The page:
Despite being pressed for time, Behnke and his team made a point of testing several solutions, visiting several schools to experience UC in a real-world setting, and devoting extra effort to mapping out the overall dialing plan. They ultimately deployed ShoreTel’s IP phones, voice switches, converged conferencing bridge and emergency notification application.
Configuring the dialing plan was especially challenging, Behnke admits, but he and his team devised a unique solution that addresses a commonly cited problem in internal phone systems: the need for users to look up and locate individual extensions. They did it by identifying the most common roles at each school and assigning each a standard extension. For example, the main office at each school can be reached using extension 800, the principal is at extension 801, and the library is extension 803.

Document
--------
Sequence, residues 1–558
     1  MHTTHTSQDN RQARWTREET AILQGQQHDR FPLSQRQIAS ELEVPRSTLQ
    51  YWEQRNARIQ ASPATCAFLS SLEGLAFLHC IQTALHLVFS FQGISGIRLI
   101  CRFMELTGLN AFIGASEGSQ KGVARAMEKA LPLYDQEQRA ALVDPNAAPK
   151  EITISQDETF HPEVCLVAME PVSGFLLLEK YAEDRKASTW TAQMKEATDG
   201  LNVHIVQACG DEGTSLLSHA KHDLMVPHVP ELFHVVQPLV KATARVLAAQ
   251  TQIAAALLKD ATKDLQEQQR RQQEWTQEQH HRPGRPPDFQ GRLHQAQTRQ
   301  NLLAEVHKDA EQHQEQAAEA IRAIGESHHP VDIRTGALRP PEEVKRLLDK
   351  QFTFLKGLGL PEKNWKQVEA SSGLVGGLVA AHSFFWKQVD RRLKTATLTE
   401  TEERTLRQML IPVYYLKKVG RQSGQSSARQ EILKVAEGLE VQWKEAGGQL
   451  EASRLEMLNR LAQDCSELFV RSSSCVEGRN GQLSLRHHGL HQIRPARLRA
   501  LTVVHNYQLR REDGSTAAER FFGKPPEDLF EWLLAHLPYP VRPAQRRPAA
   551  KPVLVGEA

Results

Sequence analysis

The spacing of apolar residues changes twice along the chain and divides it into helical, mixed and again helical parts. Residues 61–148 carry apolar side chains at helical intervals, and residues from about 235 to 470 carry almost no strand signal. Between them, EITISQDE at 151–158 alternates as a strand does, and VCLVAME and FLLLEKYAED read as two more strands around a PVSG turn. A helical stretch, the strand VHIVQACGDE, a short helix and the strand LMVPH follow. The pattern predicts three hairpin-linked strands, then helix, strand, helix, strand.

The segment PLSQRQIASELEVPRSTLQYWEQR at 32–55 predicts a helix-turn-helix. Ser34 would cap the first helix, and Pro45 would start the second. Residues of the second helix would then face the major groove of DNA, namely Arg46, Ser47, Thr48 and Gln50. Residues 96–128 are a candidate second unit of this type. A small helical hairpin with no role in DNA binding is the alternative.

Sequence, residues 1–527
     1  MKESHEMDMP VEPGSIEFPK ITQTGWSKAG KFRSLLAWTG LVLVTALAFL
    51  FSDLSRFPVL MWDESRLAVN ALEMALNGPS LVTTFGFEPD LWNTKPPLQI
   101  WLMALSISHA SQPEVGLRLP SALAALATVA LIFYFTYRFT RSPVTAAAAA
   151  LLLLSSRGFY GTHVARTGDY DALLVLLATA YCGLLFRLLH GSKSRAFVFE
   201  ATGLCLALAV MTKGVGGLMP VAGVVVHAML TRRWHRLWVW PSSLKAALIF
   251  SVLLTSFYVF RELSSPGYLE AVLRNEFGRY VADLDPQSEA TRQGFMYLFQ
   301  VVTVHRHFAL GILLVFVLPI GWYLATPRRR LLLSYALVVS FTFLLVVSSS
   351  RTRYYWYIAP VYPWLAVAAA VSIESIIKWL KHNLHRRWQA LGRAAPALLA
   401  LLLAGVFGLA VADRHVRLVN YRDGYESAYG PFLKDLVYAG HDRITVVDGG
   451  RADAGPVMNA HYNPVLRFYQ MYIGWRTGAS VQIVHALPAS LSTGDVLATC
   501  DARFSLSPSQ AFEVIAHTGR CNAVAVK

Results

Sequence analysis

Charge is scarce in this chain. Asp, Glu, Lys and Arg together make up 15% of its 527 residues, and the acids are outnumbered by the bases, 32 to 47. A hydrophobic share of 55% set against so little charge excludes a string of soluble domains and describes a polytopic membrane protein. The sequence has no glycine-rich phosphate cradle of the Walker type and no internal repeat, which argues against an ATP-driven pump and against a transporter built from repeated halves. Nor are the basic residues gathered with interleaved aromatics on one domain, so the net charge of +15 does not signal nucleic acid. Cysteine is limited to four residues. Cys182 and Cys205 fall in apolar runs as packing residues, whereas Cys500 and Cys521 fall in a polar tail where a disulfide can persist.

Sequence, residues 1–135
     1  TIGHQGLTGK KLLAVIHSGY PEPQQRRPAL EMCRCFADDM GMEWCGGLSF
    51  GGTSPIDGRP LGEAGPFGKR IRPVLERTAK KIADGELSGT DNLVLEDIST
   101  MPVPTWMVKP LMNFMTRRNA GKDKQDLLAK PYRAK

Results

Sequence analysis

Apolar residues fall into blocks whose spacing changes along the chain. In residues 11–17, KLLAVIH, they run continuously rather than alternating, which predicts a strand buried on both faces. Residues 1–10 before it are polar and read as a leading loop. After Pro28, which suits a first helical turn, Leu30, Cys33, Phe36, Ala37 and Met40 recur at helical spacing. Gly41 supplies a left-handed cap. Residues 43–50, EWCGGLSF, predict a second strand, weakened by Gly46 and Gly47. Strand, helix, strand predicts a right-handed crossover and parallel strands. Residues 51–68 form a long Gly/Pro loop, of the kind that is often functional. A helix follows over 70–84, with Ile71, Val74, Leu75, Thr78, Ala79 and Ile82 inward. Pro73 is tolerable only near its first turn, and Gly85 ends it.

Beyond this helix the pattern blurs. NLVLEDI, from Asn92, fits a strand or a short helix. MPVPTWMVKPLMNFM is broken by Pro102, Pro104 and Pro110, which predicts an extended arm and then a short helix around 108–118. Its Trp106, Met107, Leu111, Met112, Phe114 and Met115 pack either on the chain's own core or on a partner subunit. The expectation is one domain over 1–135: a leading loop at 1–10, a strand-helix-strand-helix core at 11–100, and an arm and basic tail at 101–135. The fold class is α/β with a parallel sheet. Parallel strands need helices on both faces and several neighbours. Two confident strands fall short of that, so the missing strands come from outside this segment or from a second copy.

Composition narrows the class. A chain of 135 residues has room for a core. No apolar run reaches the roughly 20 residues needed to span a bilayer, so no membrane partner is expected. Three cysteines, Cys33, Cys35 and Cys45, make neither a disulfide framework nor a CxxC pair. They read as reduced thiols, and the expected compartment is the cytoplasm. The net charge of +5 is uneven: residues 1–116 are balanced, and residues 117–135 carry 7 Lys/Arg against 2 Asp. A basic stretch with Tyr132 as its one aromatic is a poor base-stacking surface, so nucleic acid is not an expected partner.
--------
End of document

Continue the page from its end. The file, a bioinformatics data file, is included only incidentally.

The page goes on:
“If I want to get [in touch with] the principal at a certain school, all I have to do is know the two-digit code for the school and then I just dial 801,” Behnke explains. “That has worked out extremely well for us because everyone was able to memorize those standard extensions pretty quickly. Then, all you have to do is look up the two-digit code. It’s instinctive. It doesn’t require a lot of time and thought for people.”
UC adopters also believe user acceptance, awareness and training must be prioritized. “You’ve got to really [explain it to] the people who are going to be using it,” says Chuck Jones, chief of technology for the Jackson–Madison County School System in Tennessee.